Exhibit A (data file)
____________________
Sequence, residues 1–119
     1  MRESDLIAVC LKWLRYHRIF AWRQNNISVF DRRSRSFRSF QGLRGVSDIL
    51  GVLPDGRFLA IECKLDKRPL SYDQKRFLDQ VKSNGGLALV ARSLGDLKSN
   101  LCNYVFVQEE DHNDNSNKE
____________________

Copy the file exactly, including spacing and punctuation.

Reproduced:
Sequence, residues 1–119
     1  MRESDLIAVC LKWLRYHRIF AWRQNNISVF DRRSRSFRSF QGLRGVSDIL
    51  GVLPDGRFLA IECKLDKRPL SYDQKRFLDQ VKSNGGLALV ARSLGDLKSN
   101  LCNYVFVQEE DHNDNSNKE